|29||Arnold Jeannesson (Fra) FDJ.fr||0:57:06|
|30||Andreas Klöden (Ger) RadioShack Leopard||1:02:43|
|31||Sylvain Chavanel (Fra) Omega Pharma-Quick Step||1:03:41|
|32||Cyril Gautier (Fra) Team Europcar||1:12:42|
|33||Daniel Martin (Irl) Garmin-Sharp||1:13:08|
|34||Hubert Dupont (Fra) AG2R La Mondiale||1:14:59|
|35||Steve Morabito (Swi) BMC Racing Team||1:20:39|
|36||Haimar Zubeldia Agirre (Spa) RadioShack Leopard||1:24:22|
|37||Christophe Riblon (Fra) AG2R La Mondiale||1:27:57|
|39||Cadel Evans (Aus) BMC Racing Team||1:30:14|
|40||Nicolas Roche (Irl) Team Saxo-Tinkoff||1:34:17|
|45||Tejay van Garderen (USA) BMC Racing Team||1:38:57|
|Sagan in Albi|
|1||Peter Sagan (Svk) Cannondale Pro Cycling||409||pts|
|2||Mark Cavendish (GBr) Omega Pharma-Quick Step||312|
|3||André Greipel (Ger) Lotto Belisol||267|
|4||Marcel Kittel (Ger) Team Argos-Shimano||222|
|Pierre Rolland and his Red Dots|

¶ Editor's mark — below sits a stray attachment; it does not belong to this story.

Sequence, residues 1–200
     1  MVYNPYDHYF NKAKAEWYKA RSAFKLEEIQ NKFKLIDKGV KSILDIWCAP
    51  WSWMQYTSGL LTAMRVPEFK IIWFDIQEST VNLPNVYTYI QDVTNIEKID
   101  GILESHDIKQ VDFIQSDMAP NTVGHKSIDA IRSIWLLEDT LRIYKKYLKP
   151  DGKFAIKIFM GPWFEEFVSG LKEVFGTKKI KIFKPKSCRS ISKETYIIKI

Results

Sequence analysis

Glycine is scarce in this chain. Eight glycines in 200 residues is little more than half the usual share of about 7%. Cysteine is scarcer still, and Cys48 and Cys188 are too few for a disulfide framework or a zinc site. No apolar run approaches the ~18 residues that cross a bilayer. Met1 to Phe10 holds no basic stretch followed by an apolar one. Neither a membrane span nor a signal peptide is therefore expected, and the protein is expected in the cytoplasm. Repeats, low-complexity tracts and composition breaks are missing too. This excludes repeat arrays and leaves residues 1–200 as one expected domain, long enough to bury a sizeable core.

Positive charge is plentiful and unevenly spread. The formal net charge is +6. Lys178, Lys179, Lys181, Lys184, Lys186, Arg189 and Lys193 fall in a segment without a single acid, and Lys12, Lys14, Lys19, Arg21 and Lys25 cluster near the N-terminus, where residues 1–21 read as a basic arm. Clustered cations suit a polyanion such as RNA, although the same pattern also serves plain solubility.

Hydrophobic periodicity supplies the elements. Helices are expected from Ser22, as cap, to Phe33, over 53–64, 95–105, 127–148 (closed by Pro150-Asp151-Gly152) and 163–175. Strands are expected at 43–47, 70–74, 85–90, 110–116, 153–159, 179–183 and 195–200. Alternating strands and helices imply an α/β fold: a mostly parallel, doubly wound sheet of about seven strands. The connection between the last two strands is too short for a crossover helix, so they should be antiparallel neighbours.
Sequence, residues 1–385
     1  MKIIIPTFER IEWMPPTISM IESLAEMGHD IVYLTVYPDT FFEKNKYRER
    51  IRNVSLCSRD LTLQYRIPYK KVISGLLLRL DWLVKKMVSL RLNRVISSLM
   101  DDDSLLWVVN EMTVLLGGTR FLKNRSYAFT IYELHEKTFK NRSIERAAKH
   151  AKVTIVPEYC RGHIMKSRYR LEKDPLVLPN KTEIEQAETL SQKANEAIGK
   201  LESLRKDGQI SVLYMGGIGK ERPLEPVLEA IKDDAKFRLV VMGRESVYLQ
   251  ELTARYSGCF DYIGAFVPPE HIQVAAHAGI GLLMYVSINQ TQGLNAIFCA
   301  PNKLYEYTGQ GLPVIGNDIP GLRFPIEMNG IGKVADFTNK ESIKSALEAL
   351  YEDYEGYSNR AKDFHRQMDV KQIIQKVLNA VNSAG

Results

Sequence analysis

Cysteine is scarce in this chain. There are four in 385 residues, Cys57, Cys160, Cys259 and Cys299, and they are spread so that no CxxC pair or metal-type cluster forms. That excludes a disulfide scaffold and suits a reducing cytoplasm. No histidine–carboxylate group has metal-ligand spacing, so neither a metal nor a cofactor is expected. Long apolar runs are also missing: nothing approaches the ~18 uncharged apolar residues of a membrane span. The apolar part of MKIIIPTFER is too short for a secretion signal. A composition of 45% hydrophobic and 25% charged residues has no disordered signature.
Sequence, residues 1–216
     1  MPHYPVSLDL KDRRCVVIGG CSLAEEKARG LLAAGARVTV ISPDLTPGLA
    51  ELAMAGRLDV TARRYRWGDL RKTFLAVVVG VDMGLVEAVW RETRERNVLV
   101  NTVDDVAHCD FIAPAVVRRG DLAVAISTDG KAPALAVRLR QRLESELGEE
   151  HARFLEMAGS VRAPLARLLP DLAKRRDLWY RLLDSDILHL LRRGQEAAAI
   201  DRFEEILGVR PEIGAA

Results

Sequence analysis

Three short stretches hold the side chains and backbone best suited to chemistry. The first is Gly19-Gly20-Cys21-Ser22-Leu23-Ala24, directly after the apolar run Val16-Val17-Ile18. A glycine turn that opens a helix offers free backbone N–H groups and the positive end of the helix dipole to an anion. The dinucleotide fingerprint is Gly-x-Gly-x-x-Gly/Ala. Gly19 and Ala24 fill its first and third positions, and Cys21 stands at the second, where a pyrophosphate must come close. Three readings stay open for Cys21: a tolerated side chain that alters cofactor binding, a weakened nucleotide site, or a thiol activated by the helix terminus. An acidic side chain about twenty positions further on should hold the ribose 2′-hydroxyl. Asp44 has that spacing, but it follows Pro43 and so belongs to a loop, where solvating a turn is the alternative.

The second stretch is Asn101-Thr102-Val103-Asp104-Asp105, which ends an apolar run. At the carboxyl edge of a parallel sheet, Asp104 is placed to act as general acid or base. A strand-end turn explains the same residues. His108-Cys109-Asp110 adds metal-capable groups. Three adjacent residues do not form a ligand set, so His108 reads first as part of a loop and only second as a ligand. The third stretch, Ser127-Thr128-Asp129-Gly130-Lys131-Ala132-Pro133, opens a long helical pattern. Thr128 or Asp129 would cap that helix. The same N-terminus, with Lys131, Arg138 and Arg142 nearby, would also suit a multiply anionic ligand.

|3||Pierre Rolland (Fra) Team Europcar||117|
|5||Christophe Riblon (Fra) AG2R La Mondiale||98|
|6||Mikel Nieve Ituralde (Spa) Euskaltel-Euskadi||98|
|7||Moreno Moser (Ita) Cannondale Pro Cycling||72|
|8||Richie Porte (Aus) Sky Procycling||72|
5. YOUTHS: Quintana best youth of this Tour? for sure. He was expected and didn't miss the date. But just because he was expected and given that he never attacked on his own it's hard to consider him the 'revelation' of this Tour in the way Pinot was the 'revelation' of that one of Andy Schleck of the Giro 2007. Bardet impressed me more. His team couldn't aim to the final victory and he earned his 15 place by lucky break-aways and good individual performances. I think we'll hear from him. Danny Van Poppel impressed me a lot. He didn't finish the Tour because his team fairly stopped him: he's 19 and a very promising sprinter, it made no sense to force him up and down on the Alps. But he has been the true 'revelation'!
|2||Ag2R La Mondiale||0:08:28|
|5||Belkin Pro Cycling||0:38:30|
|7||Euskaltel - Euskadi||1:30:34|
|10||Cofidis, Solutions Credits||2:07:11|
|11||Garmin - Sharp||2:13:32|
|12||BMC Racing Team||2:26:23|
|16||Lampre - Merida||4:06:47|
|18||Astana Pro Team||4:58:00|
|Cannondale's forcing in Albi stage|
|Andy Schelck & co. in Sarenne descent|
|Andy Schleck in Avranches|